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This article is part of The Avant-Guardian no. 8.1, a special supplement on the Eastern Daze festival.

Eastern Daze supplement pdf
Table of content
La Monte Young once confessed ‘November’ to be the inspiration of his own magnus opus ‘The Well-Tuned Piano’. Written in 1959 by his friend composer Dennis Johnson, ‘November’ is a 5 to 6 hour composition that can safely be regarded as the first real piece of minimalism. Johnson unfortunately disappeared from the pages of music history to devote his life to the study of advanced math. It wasn’t until musicologist Kyle Gann, who heard the piece on a well worn cassette tape in the mid nineties, was blown away by it that ‘November’ was saved from obscurity. He tracked down Johnson, who was by then battling dementia, and painstakingly reconstructed the piece together with him. During Eastern Daze III ‘November’ will be performed by Stephane Ginsburgh, a pianist who’s renowned for performing avant-garde and modern classical works. Ginsburgh’s repertoire goes from Morton Feldman to Marcel Duchamp to Prokofiev and he’s also a frequent collaborator with Ictus. This will be a one of a kind performance that is the perfect ending to Eastern Daze III

Stephane can you tell us a little about your background, both as a pianist and as a listener?

My first experiences as a listener happened in a music loving family where I could hear all kinds of styles ranging from the early classical to the modern, opera, Lieder, chanson française as well as alternative rock, and even some electronic music. The transition to playing music was therefore quite natural and I started playing the piano when I was 6 years old. I never stopped since then. What followed consisted mainly in encountering musicians, all of them somehow influential in my evolution, and discovering the vast territories of music and knowledge in general.

Do you remember when you became aware of Dennis Johnson’ s music? What was it that attracted you to his work in particular?

I have been familiar with so-called minimalist music for many years when I participated in my first recording of Morton Feldman’s music for Sub Rosa with Le Bureau des Pianistes in 1990. Minimalism has played an important role in the way I consider doing music today.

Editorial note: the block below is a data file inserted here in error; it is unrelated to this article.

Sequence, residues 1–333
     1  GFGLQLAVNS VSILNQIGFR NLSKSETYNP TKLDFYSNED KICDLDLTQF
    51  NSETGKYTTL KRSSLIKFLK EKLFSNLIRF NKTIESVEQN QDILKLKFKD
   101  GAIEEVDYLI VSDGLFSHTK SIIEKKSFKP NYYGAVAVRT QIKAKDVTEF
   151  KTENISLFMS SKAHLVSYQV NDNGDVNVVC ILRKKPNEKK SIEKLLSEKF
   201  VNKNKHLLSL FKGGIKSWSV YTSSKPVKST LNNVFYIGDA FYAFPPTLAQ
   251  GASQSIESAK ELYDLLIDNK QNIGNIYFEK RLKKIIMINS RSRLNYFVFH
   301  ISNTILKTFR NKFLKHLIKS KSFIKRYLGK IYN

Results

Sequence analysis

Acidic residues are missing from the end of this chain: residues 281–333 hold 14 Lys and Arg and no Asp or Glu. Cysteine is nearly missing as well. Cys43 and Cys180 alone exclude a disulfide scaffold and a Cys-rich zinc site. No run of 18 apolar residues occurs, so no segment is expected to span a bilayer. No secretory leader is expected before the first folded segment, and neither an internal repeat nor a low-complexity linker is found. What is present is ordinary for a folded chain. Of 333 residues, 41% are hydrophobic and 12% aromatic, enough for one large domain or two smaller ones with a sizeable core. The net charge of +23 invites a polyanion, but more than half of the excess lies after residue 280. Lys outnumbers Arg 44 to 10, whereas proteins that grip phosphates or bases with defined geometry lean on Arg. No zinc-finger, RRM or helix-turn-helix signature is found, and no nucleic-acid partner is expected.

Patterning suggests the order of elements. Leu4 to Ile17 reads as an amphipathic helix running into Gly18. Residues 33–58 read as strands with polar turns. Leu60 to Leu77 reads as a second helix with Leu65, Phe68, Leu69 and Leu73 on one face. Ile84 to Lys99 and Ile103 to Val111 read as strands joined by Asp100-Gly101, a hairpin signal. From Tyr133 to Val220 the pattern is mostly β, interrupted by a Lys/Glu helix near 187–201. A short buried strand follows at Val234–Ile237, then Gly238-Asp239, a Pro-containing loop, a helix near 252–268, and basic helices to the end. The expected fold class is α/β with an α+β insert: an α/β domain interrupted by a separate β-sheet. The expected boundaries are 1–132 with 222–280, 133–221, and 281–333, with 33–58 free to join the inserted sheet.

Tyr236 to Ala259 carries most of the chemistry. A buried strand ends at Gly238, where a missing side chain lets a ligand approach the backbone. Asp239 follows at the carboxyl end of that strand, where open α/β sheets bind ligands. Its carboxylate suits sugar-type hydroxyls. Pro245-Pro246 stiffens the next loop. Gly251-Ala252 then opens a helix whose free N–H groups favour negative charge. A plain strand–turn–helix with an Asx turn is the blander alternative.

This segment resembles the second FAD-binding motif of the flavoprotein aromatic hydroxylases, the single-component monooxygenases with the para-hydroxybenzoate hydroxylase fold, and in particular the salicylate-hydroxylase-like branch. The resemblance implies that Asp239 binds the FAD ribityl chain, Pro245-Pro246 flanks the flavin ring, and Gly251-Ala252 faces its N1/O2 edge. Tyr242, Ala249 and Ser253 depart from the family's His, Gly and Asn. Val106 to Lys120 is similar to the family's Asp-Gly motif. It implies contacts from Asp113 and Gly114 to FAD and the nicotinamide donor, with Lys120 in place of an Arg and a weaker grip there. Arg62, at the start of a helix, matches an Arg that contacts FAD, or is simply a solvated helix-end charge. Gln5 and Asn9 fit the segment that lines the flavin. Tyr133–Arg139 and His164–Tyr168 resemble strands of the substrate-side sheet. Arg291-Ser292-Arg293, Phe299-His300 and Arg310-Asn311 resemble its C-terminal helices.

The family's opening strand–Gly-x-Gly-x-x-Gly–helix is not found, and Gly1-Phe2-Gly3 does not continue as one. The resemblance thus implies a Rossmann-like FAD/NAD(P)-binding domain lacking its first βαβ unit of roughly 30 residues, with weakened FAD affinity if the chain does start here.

In 1992, American composer Kyle Gann received a tape and a few sketches of Dennis Johnson’s November from La Monte Young. Young told Gann that the piece had influenced him a lot in writing his Well Tuned Piano. And it’s only quite recently that Gann proceeded to work - hard - on the material he had received in order to reconstruct what seemed to be a 5 to 6 hours long minimalist and tonal piece, probably the first one of its kind. I became aware of the piece when pianist Andrew Lee released his recording of it a few years ago.

Do you think there is a reason why Mr Johnson chose ‘ November’ rather than ‘December’ or ‘January’ ?

I haven’t found any information about that except that one fragment is dated from early December which could mean that the piece was started in November. But that’s only a very weak hypothesis.

Is the indication to start off with a ‘ Very Slow’  tempo Johnson’ s, or is it an addition made after Johnson’ s own recording was discovered?

The indication is not found on what seems to be the original sketch and might have been added by Kyle Gann after listening to the recording.

If there would not have been any indication, how would you decide on a tempo for a piece like this?

Well, in this case, the recording is important in reconstructing the piece and apparently, the tempo IS very slow. On the other hand, the style is clearly minimalistic and invites the performer to play slowly. This is also the case with some of Feldman’s pieces which have no indication but cleary belong to a universe of slowness.